Some in law enforcement hope to limit felons' access to guns

Line of duty deaths happening too often

TAMPA - It's become an all too common sight. Officers shot and killed in the line of duty. Ask anyone in law enforcement, and they'll tell you that it seems to be happening more often.

"When you see not one police officer getting killed, but you see two and three police officers getting killed at one time, more than once, right here in the Bay area, I think we definitely have a more violent society," said Hillsborough County Sheriff David Gee.

While statistics show crime has been on the decline in recent years, tragedies involving officers continue to occur. Nationally, 68 officers have died on the job so far this year, according to the National Law Enforcement Officers Memorial Fund.

Tampa Bay has seen more than its share of law enforcement tragedies, many involving firearms. In the last 30 years, 25 law enforcement officers in the Tampa Bay area have been shot and killed in the line of duty. Nine of those deaths happened in the last five years. Most recently, three St. Petersburg police officers have died this year.

In many recent cases, the suspected killer was a convicted felon who had access to a gun. Hydra Lacy Jr., accused in the February deaths of St. Petersburg officers Jeffrey Yaslowitz and Thomas Baitinger, had a long criminal past before the shooting. Dontae Morris, who investigators say shot and killed Tampa police officer Jeff Kocab and David Curtis on a traffic stop, was also a convicted felon.

In the wake of these tragedies, local police chiefs and sheriffs have discussed how to keep guns out of the hands of convicted felons.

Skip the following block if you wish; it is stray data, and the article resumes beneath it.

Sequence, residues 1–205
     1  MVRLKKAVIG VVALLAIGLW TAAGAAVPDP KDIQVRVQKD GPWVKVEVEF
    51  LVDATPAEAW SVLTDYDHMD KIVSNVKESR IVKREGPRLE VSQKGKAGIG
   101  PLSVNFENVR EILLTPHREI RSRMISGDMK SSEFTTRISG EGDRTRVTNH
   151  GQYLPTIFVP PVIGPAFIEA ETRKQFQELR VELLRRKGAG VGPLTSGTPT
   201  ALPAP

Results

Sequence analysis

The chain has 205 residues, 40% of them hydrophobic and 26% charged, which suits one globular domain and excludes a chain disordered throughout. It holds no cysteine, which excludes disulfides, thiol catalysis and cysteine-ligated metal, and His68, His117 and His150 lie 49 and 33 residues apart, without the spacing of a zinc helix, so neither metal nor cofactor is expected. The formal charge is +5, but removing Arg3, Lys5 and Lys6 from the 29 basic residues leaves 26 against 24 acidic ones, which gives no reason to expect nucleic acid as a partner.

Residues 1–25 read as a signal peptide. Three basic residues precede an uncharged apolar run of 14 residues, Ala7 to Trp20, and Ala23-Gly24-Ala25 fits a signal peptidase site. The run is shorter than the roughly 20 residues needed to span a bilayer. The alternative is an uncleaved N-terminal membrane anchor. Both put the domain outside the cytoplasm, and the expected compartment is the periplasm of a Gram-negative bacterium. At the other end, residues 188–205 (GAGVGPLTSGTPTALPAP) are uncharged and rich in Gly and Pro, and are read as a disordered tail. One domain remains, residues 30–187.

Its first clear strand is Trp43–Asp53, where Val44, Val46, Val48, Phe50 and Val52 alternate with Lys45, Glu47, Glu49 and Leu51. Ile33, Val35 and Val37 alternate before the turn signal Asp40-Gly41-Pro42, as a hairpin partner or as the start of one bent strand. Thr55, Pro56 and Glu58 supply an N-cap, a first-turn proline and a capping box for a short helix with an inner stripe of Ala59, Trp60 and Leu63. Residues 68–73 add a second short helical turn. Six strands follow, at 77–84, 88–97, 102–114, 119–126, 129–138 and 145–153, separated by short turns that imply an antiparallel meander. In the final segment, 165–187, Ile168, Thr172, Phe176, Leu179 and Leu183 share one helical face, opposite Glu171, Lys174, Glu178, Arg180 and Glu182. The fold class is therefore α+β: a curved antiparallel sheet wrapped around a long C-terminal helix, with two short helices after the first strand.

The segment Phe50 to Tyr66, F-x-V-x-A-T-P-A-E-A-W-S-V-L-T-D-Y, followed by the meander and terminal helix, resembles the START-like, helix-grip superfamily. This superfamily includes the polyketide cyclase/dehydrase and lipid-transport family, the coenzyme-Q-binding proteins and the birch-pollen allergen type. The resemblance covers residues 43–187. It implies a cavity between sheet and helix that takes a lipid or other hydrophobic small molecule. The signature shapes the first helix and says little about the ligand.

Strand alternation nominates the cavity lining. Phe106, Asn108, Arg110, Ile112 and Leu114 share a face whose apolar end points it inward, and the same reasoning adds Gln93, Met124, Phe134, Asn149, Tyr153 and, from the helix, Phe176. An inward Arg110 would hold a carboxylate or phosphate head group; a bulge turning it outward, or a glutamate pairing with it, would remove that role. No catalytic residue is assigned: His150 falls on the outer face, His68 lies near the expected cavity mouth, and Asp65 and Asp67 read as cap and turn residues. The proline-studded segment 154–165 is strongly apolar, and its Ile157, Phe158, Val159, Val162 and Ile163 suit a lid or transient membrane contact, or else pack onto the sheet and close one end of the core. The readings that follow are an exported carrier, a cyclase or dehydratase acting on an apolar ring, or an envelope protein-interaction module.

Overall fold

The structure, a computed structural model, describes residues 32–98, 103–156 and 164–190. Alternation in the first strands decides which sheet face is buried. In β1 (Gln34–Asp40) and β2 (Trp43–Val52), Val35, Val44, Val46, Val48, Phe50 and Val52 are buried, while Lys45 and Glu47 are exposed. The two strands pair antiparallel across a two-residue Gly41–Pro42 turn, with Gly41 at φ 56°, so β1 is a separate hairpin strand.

"Almost 80 percent of police officers killed over the course of the last couple years, that were killed by gunfire, were killed by felons. That ought to push us for some heavier legislation," said Sheriff Gee.

"I would love to see some background requirement required even on a private purchase. I think that would go a long way," said St. Petersburg Police Chief Chuck Harmon.

Some are also talking about increasing the penalties for convicted felons in possession of firearms.

"Number one, it would hold these individuals accountable. At the same time, I think it would send a message," said Pinellas County Sheriff Jim Coats.

The families of the slain officers also believe something needs to be done. They've seen officers die in the line of duty again and again, and they believe there may now be enough political will to make changes to the laws.

"We have to start at the state. That's where we have to start. We've got to get the legislation going. It just seems it's out of control. So whatever we can do, the general public, whatever we can do, we've got to stand behind our law enforcement officers," said Sandy Kocab, mother of Tampa police officer Jeff Kocab.

On Thursday at 11pm, the ABC Action News I-Team looks at how guns are making there way onto streets and into the hands of convicted felons. We'll tell you what law enforcement is hoping to do to keep you safe and keep guns out of the wrong people's hands.

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